Decolonising clientelism: ‘Re-centring’ analyses of local state–society relations in South Africa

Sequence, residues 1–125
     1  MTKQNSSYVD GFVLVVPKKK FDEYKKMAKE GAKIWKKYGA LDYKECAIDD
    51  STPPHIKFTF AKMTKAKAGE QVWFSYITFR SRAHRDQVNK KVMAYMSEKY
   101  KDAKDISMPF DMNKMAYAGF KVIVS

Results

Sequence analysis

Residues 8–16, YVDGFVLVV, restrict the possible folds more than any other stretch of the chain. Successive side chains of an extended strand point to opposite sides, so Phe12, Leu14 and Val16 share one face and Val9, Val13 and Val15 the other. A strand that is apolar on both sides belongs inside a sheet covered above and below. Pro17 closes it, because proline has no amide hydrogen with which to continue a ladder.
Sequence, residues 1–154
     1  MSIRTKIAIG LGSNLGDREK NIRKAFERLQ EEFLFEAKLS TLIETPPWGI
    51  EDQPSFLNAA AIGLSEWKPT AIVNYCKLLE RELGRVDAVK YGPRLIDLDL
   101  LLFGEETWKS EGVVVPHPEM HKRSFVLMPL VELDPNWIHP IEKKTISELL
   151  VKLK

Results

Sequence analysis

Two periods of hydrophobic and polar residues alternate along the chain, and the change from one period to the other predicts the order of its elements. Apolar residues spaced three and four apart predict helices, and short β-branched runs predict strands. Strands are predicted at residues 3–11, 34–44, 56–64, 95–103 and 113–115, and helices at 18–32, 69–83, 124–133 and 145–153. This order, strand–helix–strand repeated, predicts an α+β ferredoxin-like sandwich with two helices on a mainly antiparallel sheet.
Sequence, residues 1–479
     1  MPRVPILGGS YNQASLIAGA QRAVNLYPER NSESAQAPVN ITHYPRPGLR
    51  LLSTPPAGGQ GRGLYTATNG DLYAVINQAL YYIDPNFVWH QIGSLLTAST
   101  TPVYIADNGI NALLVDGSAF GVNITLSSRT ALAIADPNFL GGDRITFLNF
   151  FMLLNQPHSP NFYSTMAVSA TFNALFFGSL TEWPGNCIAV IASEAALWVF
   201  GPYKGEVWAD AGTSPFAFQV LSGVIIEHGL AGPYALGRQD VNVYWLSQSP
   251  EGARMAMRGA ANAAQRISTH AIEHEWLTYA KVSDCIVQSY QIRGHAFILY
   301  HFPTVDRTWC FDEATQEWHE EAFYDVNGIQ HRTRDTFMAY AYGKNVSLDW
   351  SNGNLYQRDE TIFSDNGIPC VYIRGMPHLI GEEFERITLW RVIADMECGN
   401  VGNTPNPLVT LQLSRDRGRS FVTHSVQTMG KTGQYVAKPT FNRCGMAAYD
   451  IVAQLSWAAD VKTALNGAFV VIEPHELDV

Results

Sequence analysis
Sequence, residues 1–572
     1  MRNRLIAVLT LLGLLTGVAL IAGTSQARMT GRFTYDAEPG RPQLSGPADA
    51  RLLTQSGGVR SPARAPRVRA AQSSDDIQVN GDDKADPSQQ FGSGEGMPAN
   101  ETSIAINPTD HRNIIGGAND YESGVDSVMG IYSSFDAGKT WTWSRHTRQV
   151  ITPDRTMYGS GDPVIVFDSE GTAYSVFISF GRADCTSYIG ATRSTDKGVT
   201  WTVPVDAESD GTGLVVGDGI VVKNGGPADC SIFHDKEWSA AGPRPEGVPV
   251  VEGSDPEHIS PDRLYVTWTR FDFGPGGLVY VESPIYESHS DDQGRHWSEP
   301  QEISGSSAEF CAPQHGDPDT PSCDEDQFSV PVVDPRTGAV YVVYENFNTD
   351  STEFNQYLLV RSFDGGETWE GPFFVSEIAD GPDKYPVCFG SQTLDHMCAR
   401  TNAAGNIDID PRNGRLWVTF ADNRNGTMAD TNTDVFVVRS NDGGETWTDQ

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Concepts such as democracy and accountability rely heavily for their normative framing on scholarship originating in Europe and America. While these theories of democracy are useful for setting up frameworks with which to engage, it is important to assess the actually existing practices of everyday state–society engagement in informal locations and economies of the global south. Practices of everyday democracy may differ in contexts such as South Africa’s and it is important to assess what this tells us about reconceptualising democratic theory in our region. While not uncritical of the power imbalances inherent in clientelism, this article attempts to provide a clear conceptual definition of clientelism and then investigates how this practice may fulfil democratic tasks such as increasing participation and accountability at the local level of governance. By reframing democratic expectations and unpacking where traditionally vilified practices such as clientelism may hold moments of democracy, the paper advances the idea that the study of democracy can be decolonised.